Every undergraduate student of finance learns to recite the three levels of the Efficient Market Hypothesis (EMH). Few of those will be able to tell you about the most compelling and elegant critique of that hypothesis. EMH should only be taught if the teacher immediately presents the arguments from “On the Impossibility of Informationally Efficient Markets” by Grossman and Stiglitz (1980).
EMH posits that information relevant to the value of a stock is immediately discounted into its price. So the only way to make abnormal returns on a consistent basis would be to trade on information that has not been publicly disseminated. Rightly, doing so is illegal since it undermines the capital allocation process. Therefore, unless you have an incarceration wish you should not bother trying to figure out which stocks are worth buying and selling and instead invest passively. But the EMH does not deal with how the information makes its way into prices, nor does it consider that there are degrees of uncertainty in almost every piece of information relevant to financial markets. Both points mean that the most prepared, diligent and hard-working of analysts and fund managers can make outsized returns, contrary to the EMH.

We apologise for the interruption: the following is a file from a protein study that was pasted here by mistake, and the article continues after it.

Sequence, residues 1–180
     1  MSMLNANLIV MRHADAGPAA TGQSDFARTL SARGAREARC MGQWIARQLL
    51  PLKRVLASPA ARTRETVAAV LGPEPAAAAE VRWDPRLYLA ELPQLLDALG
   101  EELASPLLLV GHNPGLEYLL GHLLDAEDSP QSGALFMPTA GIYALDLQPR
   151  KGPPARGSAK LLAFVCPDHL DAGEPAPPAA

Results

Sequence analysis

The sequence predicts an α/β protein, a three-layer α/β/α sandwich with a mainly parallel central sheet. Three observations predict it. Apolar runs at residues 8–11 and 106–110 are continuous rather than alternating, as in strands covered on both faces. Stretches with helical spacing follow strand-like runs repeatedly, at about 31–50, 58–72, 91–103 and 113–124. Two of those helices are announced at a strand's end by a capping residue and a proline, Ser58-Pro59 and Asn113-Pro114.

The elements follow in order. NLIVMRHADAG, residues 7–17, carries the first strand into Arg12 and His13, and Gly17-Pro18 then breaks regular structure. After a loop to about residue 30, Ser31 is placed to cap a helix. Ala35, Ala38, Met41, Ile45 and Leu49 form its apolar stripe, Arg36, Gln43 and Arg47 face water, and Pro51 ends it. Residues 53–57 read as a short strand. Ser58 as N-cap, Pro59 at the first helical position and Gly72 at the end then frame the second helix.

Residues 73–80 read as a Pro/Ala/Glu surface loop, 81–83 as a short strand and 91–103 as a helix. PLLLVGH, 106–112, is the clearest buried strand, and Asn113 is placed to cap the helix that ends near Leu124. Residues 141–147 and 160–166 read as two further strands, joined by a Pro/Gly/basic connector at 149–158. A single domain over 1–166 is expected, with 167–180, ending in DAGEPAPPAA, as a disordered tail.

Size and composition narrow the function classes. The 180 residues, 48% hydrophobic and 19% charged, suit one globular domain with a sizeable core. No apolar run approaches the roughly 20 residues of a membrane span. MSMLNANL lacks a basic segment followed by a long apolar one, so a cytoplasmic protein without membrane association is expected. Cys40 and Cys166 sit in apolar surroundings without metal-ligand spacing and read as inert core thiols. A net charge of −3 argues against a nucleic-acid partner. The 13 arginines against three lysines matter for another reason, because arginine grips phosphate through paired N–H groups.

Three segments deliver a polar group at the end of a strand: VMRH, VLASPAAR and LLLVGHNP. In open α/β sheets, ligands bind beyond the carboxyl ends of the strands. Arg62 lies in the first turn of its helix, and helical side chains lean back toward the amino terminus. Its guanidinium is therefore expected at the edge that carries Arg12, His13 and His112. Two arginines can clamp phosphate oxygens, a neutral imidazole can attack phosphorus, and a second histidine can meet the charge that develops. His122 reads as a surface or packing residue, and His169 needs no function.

Grossman and Stiglitz point out that if everyone invested passively there would be no one figuring out what the information means. In that case there is an incentive for one person to defect and independently estimate the value of a stock. Since one person can only have a modest impact, the argument extends until there is a large number of people processing and analysing what is relevant.
The interesting quirk is that by dismissing the EMH, investors are making prices more efficient and making it harder for each investor to earn outsized returns. So the stable equilibrium is one in which a critical mass of analysts are figuring out what the information means and those not doing so are better off piggy-backing on that and investing passively.
Individual analysts are often wrong, but as a group they are reasonably good at figuring out the potential impact of a piece of information. What they do is essential to the markets efforts to zero in on a fair cost of equity for the large number of companies in existence. That they disagree, their conclusions suffer from a multitude of biases and they are bound by a range of constraints, reflects the uncertainty inherent in the information that the EMH takes as unequivocal.
The EMH is useful only in highlighting that the world works in a different way. Those teaching the hypothesis should spend more time explaining how to price risk and less time giving the impression that it prices itself.